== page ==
After exempting several categories from the Passenger Locator Form (PLF) requirement, the Lithuanian government has announced a full abolishment of the requirement, permitting travellers to enter the country freely starting on March 31.- Advertisement –
However, as the press release issued by the Health Ministry reveals, arrivals from third countries will remain subject to an entry ban, meaning that current restrictions will remain effective until further notice, SchengenVisaInfo.com reports.
“In view of the observed rise in the incidence of COVID-19 in some countries, the government on Wednesday decided to extend the ban on foreigners from third countries to enter Lithuania, applying the existing exemptions to certain countries and categories of persons,” the press release reads.
As per arrivals from third countries, those have to undergo a PCR or antigen test taken 24 hours of arrival unless they fall into one of the following categories:
- He/she is a minor under the age of 16.
- Travelled to Lithuania between 14 and 270 days of vaccination with one of the shots approved by health authorities (Comirnaty, Spikevax, Vaxzevria, Janssen, Nuvaxovid, Covishield).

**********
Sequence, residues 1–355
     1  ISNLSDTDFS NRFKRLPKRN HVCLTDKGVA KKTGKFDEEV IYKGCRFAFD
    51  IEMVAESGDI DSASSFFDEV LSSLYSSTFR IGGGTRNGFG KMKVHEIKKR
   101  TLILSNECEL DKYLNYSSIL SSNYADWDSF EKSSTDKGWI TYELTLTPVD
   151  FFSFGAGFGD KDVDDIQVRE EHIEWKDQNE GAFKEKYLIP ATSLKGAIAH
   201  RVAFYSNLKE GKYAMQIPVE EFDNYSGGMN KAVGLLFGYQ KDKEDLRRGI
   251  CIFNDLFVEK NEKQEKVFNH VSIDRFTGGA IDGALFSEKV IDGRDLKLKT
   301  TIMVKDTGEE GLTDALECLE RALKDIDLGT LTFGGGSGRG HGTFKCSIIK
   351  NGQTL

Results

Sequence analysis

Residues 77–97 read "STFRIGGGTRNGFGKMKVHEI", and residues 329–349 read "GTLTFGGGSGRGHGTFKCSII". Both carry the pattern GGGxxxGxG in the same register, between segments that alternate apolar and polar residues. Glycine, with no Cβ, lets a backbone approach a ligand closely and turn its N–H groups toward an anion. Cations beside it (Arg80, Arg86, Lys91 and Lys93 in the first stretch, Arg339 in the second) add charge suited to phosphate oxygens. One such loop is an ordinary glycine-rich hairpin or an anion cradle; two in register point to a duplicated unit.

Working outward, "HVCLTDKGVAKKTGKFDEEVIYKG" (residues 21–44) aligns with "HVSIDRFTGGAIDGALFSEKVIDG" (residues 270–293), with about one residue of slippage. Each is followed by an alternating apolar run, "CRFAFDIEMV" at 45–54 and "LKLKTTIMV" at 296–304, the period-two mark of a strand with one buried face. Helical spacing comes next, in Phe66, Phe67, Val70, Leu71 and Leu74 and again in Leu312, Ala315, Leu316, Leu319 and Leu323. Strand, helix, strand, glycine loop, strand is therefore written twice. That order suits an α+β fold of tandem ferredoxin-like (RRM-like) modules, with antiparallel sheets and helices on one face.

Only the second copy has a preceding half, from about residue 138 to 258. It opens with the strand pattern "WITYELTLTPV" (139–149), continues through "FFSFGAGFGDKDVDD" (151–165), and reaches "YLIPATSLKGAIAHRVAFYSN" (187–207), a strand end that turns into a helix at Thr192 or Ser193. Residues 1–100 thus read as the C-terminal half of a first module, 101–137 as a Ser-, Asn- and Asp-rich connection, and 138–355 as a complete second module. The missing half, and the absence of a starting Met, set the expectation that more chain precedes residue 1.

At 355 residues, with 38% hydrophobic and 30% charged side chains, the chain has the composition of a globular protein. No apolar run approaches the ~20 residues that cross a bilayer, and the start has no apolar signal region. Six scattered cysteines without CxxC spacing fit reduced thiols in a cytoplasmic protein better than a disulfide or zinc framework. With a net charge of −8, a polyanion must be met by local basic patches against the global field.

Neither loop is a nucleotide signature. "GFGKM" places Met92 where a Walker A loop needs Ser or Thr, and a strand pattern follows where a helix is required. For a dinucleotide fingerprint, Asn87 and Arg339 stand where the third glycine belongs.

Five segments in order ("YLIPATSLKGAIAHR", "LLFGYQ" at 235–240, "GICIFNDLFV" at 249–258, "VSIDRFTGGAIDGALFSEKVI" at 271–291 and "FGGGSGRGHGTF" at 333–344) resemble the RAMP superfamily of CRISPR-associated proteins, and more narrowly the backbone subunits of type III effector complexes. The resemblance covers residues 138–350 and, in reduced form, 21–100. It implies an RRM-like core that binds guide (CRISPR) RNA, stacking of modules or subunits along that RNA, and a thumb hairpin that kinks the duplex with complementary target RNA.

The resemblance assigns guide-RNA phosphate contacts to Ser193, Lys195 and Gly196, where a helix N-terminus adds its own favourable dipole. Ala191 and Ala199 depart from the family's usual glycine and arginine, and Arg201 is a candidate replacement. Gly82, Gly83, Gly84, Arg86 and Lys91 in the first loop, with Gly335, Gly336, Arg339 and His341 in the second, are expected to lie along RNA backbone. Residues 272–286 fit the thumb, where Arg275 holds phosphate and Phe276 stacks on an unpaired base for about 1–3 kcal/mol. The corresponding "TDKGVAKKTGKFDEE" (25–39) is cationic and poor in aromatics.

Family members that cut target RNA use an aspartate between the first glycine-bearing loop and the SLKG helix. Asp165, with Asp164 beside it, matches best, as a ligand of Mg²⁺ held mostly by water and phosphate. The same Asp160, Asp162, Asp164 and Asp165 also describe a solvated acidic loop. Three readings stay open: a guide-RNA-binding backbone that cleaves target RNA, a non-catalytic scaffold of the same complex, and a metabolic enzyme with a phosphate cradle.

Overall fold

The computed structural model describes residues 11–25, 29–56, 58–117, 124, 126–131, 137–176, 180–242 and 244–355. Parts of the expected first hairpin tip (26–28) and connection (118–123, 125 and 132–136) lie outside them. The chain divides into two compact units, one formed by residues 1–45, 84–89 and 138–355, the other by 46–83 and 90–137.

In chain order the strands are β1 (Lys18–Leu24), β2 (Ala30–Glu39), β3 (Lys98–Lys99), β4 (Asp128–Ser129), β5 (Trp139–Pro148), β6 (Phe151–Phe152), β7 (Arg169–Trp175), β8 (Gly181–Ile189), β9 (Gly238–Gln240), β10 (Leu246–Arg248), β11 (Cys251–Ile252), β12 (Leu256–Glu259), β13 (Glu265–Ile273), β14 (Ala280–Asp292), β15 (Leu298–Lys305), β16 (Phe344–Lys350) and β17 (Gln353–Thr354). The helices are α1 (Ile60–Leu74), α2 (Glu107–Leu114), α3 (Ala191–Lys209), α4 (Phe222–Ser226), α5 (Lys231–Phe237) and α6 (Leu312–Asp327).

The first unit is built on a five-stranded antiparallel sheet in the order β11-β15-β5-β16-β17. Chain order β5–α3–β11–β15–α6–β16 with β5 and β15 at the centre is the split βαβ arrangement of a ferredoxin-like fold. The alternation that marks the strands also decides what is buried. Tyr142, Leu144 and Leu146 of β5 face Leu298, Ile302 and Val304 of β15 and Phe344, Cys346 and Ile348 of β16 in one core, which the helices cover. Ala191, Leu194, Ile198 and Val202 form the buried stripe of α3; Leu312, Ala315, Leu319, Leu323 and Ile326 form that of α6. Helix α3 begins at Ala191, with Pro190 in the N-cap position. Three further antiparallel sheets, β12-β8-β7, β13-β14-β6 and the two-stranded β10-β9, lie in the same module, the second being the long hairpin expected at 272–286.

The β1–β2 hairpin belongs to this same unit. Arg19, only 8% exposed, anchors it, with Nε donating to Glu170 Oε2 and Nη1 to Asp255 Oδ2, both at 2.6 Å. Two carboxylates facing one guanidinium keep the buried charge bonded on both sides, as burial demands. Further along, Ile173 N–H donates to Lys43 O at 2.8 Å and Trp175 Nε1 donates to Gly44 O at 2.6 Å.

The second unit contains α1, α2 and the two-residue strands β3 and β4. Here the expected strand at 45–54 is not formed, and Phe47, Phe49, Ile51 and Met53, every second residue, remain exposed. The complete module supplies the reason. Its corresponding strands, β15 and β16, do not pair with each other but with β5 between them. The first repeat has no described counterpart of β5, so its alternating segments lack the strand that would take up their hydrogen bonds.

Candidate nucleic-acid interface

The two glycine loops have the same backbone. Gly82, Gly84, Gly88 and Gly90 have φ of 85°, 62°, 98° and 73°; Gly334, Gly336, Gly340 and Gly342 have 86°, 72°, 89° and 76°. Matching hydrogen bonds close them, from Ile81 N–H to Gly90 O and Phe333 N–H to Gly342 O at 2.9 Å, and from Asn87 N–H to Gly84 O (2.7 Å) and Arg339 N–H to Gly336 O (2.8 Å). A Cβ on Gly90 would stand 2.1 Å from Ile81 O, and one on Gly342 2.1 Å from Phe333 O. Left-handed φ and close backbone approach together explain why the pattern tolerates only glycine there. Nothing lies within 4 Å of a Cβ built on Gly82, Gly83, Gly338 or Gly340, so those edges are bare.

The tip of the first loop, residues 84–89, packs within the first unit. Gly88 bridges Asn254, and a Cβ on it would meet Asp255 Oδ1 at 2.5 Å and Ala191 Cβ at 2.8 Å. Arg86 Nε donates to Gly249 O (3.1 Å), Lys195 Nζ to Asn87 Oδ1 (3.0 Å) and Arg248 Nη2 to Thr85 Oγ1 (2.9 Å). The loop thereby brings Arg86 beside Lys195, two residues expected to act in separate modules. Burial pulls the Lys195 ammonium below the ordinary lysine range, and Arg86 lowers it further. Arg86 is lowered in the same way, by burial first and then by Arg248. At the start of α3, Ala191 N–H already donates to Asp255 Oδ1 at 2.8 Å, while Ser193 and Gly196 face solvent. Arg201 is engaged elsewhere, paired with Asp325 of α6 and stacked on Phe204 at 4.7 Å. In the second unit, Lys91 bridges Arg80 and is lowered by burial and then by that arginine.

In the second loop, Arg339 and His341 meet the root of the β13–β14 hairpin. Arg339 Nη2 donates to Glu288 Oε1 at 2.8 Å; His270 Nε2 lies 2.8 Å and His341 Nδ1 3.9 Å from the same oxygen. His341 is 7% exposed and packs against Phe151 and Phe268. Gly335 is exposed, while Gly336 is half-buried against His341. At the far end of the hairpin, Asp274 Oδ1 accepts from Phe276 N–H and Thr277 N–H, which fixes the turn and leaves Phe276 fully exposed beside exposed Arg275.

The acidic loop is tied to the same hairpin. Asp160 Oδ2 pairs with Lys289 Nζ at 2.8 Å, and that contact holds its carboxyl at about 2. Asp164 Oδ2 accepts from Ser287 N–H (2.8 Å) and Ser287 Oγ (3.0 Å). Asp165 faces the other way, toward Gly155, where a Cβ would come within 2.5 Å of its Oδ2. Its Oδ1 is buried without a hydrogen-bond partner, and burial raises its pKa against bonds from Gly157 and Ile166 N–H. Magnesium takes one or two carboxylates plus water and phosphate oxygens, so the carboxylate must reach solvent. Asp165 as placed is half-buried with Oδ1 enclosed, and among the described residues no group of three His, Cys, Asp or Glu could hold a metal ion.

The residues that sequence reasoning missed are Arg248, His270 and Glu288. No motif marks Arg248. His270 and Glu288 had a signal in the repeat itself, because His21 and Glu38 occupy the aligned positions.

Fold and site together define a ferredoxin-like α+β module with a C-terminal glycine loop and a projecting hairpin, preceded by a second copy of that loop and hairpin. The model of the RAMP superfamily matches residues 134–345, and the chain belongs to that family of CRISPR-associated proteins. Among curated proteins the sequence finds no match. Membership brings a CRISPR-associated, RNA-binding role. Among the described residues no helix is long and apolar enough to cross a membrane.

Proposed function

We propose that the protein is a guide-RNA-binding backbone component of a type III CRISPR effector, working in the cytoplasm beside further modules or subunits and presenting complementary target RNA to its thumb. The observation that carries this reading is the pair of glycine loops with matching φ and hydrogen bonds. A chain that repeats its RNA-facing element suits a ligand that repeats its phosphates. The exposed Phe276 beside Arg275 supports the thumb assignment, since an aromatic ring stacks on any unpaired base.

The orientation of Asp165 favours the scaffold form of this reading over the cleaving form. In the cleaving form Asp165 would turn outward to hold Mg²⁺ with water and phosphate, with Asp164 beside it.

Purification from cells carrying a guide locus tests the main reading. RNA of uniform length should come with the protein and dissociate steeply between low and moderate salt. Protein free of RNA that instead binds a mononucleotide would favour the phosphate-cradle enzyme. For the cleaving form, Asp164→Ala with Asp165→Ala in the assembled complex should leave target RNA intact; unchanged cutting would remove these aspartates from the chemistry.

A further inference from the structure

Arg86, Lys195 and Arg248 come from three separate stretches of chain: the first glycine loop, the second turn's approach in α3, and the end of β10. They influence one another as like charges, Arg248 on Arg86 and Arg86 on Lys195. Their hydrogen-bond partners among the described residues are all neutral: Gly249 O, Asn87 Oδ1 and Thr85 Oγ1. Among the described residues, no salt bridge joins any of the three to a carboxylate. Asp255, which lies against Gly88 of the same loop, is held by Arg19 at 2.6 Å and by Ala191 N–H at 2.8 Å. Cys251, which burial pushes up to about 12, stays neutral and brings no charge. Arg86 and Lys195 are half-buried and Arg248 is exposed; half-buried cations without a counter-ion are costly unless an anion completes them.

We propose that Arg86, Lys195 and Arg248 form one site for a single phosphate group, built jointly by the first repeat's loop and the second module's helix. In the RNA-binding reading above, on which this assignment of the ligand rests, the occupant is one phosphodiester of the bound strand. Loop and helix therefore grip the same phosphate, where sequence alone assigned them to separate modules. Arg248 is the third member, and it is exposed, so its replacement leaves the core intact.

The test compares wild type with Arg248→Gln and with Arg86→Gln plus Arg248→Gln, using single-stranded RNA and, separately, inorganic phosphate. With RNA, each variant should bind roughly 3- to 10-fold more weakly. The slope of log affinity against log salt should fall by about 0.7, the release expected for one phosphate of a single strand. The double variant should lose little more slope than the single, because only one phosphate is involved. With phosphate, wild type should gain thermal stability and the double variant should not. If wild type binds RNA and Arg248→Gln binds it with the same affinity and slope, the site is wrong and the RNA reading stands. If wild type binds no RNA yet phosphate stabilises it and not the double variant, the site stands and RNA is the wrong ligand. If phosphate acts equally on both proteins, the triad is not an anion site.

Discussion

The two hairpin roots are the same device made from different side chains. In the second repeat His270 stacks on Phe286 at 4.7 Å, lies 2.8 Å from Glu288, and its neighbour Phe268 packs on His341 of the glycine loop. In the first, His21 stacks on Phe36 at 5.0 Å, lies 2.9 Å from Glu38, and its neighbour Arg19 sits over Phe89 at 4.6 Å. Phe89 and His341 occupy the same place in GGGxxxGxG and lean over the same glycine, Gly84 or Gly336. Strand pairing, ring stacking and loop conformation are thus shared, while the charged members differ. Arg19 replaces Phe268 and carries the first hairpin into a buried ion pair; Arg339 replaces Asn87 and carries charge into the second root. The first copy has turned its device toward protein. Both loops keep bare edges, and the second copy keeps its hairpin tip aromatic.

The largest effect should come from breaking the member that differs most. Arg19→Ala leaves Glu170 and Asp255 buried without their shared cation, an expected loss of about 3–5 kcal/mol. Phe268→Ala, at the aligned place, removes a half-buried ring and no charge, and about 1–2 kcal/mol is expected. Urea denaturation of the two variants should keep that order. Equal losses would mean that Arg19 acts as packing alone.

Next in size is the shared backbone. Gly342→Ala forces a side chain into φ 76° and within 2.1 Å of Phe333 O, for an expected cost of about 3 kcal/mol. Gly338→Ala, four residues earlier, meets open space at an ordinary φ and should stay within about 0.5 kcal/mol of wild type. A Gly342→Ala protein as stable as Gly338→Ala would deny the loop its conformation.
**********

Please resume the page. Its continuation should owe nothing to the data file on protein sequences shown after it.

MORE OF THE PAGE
- Recovered from COVID-19 about 180 days before entering Lithuania and has the necessary documentation to prove the previous infection.
- Is crew or crew member engaged in Lithuanian companies for international transport
- Enters the country for special humanitarian reasons.
On the other hand, arrivals from countries like the United Kingdom, Andorra, Monaco, San Marino, Vatican City, Iceland, Liechtenstein, Norway, Switzerland and the European Union are permitted to enter Lithuania exempted from additional requirements.
In addition, only arrivals from countries that have joined the EU Digital COVID-19 (EUDCC) and those included on the EU’s safe third countries list as shown below, are permitted to enter Lithuania without undergoing testing requirements.
In addition to the new changes, the Lithuanian government has waived the requirement for wearing masks, starting on Monday, April 4.
“Although the wearing of masks will not be mandatory, it remains recommended in confined spaces where a safe distance, poor ventilation, or increased crowding cannot be maintained. The use of masks in health, nursing and care facilities and in public transport remains mandatory,” a press release issued by the authority reads.